Two on hummingbirds

Humming-bird (D. H. Lawrence)

I can imagine, in some otherworld
Primeval-dumb, far back
In that most awful stillness, that gasped and hummed,
Humming-birds raced down the avenues.

Before anything had a soul,
While life was a heave of matter, half inanimate,
This little bit chipped off in brilliance
And went whizzing through the slow, vast, succulent stems.

I believe there were no flowers then,
In the world where humming-birds flashed ahead of creation
I believe he pierced the slow vegetable veins with his long beak.

Probably he was big
As mosses, and little lizards, they say, were once big.
Probably he was a jabbing, terrifying monster.

We look at him through the wrong end of the telescope of time,
Luckily for us.

 

A Route of Evanescence (Emily Dickinson)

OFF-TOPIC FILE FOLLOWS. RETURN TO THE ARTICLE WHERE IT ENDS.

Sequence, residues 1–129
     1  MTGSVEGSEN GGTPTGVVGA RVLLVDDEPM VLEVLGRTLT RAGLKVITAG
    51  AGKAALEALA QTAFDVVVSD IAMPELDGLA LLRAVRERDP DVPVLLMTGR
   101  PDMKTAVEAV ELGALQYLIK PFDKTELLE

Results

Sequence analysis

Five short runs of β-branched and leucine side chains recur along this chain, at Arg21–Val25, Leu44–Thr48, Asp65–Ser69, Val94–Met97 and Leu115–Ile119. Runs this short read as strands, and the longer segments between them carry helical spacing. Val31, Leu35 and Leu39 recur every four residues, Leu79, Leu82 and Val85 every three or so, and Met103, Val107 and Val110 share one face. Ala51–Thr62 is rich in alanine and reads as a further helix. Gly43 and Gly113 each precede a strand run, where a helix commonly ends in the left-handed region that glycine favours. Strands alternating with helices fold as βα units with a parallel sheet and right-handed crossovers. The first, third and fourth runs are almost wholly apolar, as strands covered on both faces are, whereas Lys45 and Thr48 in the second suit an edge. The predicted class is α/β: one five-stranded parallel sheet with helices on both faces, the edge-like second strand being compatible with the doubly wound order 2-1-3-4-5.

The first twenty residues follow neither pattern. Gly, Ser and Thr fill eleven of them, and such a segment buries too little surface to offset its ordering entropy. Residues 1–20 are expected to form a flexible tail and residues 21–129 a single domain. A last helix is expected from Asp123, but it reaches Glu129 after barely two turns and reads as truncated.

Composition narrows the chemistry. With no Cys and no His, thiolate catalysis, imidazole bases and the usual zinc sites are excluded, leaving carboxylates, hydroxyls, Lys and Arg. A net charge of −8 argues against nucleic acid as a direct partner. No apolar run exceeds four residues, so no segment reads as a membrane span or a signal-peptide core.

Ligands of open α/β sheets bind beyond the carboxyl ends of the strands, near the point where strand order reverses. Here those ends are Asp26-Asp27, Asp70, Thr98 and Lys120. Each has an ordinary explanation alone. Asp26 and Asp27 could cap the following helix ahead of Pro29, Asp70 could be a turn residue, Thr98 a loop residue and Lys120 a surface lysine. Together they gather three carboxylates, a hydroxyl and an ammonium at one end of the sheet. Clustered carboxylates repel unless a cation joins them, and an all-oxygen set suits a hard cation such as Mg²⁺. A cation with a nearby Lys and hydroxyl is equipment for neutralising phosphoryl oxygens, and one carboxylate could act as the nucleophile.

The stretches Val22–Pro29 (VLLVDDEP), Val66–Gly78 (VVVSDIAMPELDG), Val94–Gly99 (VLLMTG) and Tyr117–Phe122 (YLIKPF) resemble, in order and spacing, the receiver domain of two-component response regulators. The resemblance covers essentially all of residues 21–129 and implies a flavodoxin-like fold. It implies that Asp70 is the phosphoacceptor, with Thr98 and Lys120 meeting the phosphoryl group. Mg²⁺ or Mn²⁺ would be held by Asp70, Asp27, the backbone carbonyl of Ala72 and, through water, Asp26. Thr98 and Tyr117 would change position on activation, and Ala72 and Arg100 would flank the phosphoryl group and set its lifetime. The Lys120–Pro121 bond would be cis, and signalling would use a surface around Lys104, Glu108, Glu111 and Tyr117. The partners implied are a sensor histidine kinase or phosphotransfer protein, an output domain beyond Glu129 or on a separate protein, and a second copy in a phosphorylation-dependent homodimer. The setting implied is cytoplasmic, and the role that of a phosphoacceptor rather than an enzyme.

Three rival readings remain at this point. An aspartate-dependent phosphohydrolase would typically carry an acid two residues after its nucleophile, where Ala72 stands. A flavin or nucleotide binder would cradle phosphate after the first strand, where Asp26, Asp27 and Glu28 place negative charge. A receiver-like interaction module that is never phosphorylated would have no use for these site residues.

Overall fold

A Route of Evanescence,
With a revolving Wheel –
A Resonance of Emerald
A Rush of Cochineal –
And every Blossom on the Bush
Adjusts its tumbled Head –
The Mail from Tunis – probably,
An easy Morning’s Ride –

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4 thoughts on “Two on hummingbirds

  1. What a trio of delights this post contains: Lawrence, Dickinson, and hummingbirds—especially the latter!

    I remember going to an evening exhibit of Dale Chihuly’s glass figures that was held in a botanical garden out west. Chihuly’s work —much of which I don’t love—definitely benefits from being seen illuminated in the darkness. But the wonderful part of the illumination was its revealing hundreds and hundreds of hummingbirds gorging their tiny bodies on the flowering plants surrounding the glasswork. That view alone was more than worth the price of admission.

    Liked by 2 people

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